Sapiens and sapientiae
Yuval Noah Harari’s Sapiens is great read. Harari apparently was trundling along as a rather specialised mediaeval historian when he was asked to teach a course on world history and this caused him to break out of his boundaries in no uncertain terms. One review describes it as a ‘starburst’, which I like, but it’s a starburst with humour as well as dazzle.
There’s no way I’m going to summarise the context or direction of the book. I just want to pick up on Harari’s account of the positive aspects of nomadic foraging over the settled life of the pastoralist. Foraging apparently gave you a much more varied diet – you ate what you came across, or hunted, and that included berries and plants of different kinds, as opposed to what quickly became a boring and monotonous diet of whatever crops you learnt to cultivate.
But you as an individual also had to acquire a much more diverse range of skills and knowledge. You had to know about different environments, to make a variety of tools, understand what the signs were and so on. Apparently the average ancient forager knew how to turn a flint stone into a spear point in a matter of minutes, though quite how we know this is mystery to me.
Harari contrasts this with our current division of labour and knowledge:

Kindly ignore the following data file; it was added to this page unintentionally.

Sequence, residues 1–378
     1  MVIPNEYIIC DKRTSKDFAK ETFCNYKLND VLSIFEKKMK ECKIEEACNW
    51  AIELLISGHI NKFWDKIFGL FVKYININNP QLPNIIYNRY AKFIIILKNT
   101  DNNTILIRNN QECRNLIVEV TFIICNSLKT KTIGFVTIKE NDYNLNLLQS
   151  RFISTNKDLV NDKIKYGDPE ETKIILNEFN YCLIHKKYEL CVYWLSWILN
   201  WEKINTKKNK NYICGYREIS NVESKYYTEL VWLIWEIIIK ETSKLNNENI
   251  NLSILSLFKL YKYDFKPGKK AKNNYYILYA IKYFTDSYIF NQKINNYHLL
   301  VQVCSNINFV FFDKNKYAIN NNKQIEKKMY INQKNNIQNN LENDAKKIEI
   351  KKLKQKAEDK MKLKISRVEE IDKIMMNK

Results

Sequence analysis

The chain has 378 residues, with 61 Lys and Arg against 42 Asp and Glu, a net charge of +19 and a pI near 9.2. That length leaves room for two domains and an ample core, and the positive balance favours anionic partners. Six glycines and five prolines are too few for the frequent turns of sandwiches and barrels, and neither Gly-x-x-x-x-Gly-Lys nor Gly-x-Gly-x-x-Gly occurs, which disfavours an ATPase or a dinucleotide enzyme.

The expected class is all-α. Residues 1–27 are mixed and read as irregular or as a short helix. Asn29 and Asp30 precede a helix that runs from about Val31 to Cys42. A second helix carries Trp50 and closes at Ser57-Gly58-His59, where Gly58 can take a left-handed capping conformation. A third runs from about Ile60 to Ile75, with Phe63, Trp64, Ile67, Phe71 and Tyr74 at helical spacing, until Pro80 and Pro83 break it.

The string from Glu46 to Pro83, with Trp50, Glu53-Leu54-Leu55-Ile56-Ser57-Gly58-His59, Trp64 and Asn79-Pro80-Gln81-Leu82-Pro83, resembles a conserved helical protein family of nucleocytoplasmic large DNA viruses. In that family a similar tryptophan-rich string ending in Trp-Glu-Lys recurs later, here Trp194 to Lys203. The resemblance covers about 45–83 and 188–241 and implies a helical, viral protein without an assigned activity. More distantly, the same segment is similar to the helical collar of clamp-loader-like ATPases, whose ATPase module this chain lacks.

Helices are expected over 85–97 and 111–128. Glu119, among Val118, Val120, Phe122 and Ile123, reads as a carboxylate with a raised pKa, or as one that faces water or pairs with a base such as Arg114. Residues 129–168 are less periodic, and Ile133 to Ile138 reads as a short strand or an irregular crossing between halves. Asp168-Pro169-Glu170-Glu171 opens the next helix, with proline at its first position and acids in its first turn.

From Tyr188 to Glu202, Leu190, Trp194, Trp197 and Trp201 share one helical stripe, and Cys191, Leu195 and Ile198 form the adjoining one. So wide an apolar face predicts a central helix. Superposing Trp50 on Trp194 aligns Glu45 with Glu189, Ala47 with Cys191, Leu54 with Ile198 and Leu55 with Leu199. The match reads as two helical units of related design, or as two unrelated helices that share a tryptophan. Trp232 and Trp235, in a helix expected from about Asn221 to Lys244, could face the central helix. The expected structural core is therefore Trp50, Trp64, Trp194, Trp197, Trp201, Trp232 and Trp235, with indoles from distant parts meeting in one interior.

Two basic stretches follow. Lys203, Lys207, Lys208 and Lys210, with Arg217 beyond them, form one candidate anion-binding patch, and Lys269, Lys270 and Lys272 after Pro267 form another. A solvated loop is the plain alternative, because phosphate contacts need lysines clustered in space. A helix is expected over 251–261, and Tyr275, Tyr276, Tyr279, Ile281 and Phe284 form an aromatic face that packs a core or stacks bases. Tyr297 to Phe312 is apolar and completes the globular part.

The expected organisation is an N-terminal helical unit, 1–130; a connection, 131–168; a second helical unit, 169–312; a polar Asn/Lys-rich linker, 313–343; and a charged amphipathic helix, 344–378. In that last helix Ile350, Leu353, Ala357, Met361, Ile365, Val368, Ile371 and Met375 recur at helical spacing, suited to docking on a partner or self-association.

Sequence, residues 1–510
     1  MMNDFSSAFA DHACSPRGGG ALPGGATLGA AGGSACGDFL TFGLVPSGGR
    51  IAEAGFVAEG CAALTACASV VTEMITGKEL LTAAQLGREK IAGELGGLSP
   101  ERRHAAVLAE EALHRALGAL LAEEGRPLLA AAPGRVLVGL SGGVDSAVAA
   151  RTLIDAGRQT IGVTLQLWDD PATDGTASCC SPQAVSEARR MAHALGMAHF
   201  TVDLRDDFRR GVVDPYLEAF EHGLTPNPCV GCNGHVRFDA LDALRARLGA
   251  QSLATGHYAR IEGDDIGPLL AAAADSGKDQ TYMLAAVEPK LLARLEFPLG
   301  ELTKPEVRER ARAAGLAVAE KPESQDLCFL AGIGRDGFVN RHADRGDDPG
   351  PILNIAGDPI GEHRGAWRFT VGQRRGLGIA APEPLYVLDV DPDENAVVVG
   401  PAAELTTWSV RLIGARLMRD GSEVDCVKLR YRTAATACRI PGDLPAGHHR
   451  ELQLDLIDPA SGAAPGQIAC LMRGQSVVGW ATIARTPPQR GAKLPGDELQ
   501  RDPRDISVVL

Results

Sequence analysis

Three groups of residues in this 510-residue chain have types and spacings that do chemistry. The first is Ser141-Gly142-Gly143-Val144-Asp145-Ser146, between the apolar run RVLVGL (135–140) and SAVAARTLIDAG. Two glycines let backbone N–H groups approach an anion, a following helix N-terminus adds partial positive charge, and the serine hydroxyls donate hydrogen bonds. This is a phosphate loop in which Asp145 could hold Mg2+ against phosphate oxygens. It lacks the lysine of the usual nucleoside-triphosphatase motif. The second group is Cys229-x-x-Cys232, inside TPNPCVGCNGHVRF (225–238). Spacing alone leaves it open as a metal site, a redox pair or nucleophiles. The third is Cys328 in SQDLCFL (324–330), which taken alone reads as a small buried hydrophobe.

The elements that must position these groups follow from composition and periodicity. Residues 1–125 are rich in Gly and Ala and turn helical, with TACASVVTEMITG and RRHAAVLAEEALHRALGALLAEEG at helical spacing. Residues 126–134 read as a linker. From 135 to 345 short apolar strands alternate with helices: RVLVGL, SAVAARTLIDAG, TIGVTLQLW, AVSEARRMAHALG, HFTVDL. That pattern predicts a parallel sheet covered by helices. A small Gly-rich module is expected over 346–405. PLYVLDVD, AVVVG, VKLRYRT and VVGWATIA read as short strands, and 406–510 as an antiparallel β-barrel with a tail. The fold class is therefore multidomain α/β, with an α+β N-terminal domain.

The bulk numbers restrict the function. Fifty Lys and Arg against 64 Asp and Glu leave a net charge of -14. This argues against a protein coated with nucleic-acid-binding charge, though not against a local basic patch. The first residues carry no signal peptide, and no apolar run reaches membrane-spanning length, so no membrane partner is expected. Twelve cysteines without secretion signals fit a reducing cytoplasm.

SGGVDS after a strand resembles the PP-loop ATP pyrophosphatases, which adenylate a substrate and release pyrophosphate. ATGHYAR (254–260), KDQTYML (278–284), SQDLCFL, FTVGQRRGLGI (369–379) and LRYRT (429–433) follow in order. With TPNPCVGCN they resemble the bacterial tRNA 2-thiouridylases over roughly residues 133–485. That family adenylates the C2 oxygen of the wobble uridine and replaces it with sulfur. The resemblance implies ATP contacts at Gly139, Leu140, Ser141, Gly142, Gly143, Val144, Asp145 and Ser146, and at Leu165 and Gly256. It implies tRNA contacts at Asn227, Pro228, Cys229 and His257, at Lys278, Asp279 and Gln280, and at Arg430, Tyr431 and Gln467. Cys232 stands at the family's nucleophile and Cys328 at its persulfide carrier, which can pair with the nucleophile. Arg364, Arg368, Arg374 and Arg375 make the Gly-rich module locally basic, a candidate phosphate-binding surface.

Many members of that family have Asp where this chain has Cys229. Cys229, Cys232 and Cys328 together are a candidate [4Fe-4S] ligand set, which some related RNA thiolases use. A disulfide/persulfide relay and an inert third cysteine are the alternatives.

“Today, most people in industrial societies don’t need to know much about the natural world in order to survive….You need to know a lot about your own tiny field of expertise, but for the vast majority of life’s necessities you rely blindly on the help of other experts.” (Cue joke about Michael Gove – is he an ancient forager manqué??)
“The human collective knows far more today than did the ancient bands. But at the individual level, ancient foragers were the most knowledgeable and skilful people in history.”
That’s quite a striking claim, and puts some of our more boastful contemporary claims to expertise into context. The PP relevance, though, is this: how far do we really mobilise our collective talents? Yes, ‘teamwork’ is supposed to be a highly valued competence today; but how far is the verbal obeisance to it matched by the practice of rewards? The common perception is that women are more inclined to teamwork. As Brenda, one of my interviewees, put it:
‘Women are interested in “getting stuff done”; they hate game-playing and internal politicking; they only build networks if they see them as a genuine vehicle for getting things done, and not for the same reason as men do, ie that is, personal advancement. Their language is about “we”, about looking for complementary skills in a team, recognising that they themselves cannot do it all. For men it is about “I”; competitive; their personal career.’
I’m not sure what the evidence is on the extent to which teamwork skills are rewarded. But Avivah Wittenberg-Cox’s excellent site is a likely place to find it. Her blogs are stuffed with useful links. The latest has links to particularly interesting research that strengthens the argument that real organisational change needs a focus on middle management as much as or probably more than CEO level. It’s a cultural issue as well as a symbolic one.